Why are moms so obsessed with their birth stories?
I would always roll my eyes in endearment when my mom would find any and every opportunity to repeat her birth stories. I have 6 siblings. That’s a total of 7 birth stories that she repeats every year. At this point I have them memorized, verbatim.
Well, now I can’t roll my eyes at my mother anymore, because I have become the spitting image of her. Retelling Nicola’s birth story is one of the greatest joys of my life. It sounds so silly, but I’m not kidding. It is the most traumatic, most beautiful, hardest, and most natural thing a woman will ever do. A birth changes you. It changes you forever. And I know a lot of mothers feel the same way about their birth stories.
December 8th: A Week Before My Due Date
It has been a full year since the birth of Nicola and this post is overdue. Without further fluff, let’s rewind back to December 8th. It was a week before my due date.
I go to my doctor’s appointment where she confirms that my baby is perfectly healthy. She casually taps on her keyboard and goes “so this is about the time we like to schedule your induction. Y’know *just in case* your baby doesn’t come on its due date.”
I silently stared at her in disbelief.
Let me give some background. I’m one of those hippie moms who likes to do things all-natural. I’m very well-read on childbirth (I highly recommend the book The Bradley Method of Natural Childbirth). Medical staff always roll their eyes at me as I leave the room. I deserve the eye-roll. I’m a pusher. I challenge. I question.
However, it’s also completely reasonable for me to be skeptical at the medical world when the United States now has a 30% C-section rate. I personally know 3 women who have had C-sections this past year. I should not know that many women with C-sections. On top of that, practically every other birth story I hear includes a medical induction.
I’m not against intervention. There are valid reasons to perform C-sections just like there are valid reasons to be medically induced. But when they start to become *the norm* instead of the rare case, that’s when women should get worried.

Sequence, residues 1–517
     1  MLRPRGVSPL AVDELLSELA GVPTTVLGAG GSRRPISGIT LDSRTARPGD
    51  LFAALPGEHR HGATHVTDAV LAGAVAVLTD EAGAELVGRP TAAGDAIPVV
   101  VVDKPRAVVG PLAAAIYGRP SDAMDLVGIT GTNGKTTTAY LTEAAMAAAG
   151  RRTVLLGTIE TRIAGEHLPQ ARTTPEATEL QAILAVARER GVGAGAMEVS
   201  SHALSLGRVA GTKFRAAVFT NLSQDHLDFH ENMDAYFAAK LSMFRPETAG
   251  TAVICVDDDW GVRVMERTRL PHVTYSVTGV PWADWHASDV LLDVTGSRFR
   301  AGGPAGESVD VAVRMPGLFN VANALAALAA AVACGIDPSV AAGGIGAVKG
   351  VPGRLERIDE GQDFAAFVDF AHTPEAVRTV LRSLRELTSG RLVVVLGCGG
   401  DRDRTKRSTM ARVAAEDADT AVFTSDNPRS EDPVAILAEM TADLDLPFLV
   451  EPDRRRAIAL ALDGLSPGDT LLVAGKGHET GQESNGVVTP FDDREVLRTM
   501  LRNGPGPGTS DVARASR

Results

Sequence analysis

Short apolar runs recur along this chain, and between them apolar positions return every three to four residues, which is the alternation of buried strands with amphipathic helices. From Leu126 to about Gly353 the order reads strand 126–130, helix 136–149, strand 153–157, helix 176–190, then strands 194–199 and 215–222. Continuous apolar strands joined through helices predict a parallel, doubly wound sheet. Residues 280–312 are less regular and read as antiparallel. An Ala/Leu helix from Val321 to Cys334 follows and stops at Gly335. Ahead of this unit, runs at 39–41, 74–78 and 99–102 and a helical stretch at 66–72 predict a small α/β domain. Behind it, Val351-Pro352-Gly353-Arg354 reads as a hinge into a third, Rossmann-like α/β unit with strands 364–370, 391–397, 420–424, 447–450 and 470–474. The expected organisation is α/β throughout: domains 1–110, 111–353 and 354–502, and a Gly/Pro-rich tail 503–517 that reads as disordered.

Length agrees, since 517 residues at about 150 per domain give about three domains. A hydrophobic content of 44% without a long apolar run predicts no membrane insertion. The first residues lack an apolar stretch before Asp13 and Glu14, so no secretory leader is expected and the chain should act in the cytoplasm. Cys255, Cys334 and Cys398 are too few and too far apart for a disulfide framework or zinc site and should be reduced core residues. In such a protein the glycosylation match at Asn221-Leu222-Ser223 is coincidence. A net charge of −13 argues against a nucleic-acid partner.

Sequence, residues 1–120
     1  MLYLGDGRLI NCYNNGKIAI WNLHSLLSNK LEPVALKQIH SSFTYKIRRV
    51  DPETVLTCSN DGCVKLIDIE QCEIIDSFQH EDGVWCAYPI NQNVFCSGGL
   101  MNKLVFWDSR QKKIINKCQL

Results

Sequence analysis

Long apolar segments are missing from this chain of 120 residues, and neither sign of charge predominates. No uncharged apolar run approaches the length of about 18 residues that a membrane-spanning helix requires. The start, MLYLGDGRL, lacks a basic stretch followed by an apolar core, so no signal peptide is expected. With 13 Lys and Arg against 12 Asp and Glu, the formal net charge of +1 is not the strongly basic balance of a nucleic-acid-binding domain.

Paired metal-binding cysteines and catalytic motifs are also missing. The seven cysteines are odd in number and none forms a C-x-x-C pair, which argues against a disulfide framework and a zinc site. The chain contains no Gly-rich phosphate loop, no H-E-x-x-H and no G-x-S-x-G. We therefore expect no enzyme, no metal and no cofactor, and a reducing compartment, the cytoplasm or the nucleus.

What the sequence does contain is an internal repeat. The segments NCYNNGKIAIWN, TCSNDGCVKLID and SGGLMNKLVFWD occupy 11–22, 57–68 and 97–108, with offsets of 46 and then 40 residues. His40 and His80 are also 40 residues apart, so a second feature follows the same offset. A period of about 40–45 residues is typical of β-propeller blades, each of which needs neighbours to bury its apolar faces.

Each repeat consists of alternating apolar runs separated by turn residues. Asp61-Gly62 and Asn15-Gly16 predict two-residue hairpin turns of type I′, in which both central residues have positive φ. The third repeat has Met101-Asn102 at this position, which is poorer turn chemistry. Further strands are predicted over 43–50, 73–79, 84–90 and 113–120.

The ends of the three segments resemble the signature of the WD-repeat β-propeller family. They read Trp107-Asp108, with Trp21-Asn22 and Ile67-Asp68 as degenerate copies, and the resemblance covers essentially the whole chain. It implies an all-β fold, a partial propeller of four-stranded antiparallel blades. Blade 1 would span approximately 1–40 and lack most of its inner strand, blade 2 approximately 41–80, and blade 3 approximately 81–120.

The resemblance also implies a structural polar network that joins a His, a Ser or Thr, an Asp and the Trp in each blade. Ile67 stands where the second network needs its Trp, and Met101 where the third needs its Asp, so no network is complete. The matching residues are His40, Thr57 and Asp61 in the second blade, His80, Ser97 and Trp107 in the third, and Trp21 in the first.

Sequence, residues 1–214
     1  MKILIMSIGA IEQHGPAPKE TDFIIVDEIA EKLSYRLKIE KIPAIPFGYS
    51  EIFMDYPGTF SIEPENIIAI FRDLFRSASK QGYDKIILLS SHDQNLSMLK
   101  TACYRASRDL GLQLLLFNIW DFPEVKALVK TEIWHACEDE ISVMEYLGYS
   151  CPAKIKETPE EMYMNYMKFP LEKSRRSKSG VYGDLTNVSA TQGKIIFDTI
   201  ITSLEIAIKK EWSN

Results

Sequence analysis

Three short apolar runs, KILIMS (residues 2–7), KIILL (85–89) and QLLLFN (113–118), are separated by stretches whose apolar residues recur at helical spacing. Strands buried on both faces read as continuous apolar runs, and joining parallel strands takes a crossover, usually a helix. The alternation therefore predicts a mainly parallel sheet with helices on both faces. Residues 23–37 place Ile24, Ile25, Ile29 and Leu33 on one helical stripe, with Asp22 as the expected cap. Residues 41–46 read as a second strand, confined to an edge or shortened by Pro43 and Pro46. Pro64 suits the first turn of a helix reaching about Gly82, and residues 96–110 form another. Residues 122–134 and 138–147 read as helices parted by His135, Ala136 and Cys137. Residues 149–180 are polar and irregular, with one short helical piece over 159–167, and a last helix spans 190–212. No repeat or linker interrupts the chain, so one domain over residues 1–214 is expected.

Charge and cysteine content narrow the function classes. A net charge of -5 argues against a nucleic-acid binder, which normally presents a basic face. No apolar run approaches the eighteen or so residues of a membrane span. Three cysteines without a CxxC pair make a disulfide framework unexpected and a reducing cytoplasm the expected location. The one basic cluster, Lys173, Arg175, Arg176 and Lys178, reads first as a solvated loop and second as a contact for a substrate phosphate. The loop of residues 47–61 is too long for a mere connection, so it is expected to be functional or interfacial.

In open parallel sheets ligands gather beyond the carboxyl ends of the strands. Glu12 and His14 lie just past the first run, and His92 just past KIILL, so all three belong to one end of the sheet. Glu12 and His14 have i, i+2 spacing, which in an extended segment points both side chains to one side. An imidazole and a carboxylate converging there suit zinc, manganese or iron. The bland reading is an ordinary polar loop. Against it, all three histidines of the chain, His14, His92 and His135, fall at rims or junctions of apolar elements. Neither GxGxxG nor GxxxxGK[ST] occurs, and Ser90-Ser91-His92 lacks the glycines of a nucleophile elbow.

If it were up to me, I would have labored at home or in a birthing center, but insurance would rather pay an entire hospital staff than a single midwife in a home. We chose the $300 hospital birth.
I don’t regret challenging my doctors, because it was my knowledge about birth and informed consent that got me my (almost) dream birth story.
Ok, back to the silence in the room after the doctor mentioned inducing me. My first thought was, “I haven’t even hit my due date and you already want to lock me down for an induction?!” I had read about the medical field pressuring women into inductions, but starting the pressure before the due date even hit?! Dang. This is shocking.
Secondly, I had to stop myself from laughing when she said, “Just in case your baby doesn’t come on its due date”. Do you know how many babies come on their due date?? With all of our perfect technology, and fancy ultrasounds and expert omniscient medical field, the doctors’ due date is only 5% accurate.
That means only 5% of babies make it on the doctors assigned due date.
Of course, I held all this in and calmly responded, “No thank you. I want to wait until my body and my baby are ready. Plus, I don’t want the pressure of a deadline for my body to perform.”
Then I got the, “But it’s so much *safer* to have you in the books in case the baby doesn’t come. What’s that date you wanted?”
I responded with the 5% statistic above.
She quietly accepted that answer.
December 15th: The Due Date Came and Went – Still no Baby.
A week went by and I reached THE DUE DATE: December 15th, 2021. Y’know, that 24-hour window that the baby must exit my womb or, apparently, the whole world will implode.
As expected, baby didn’t come.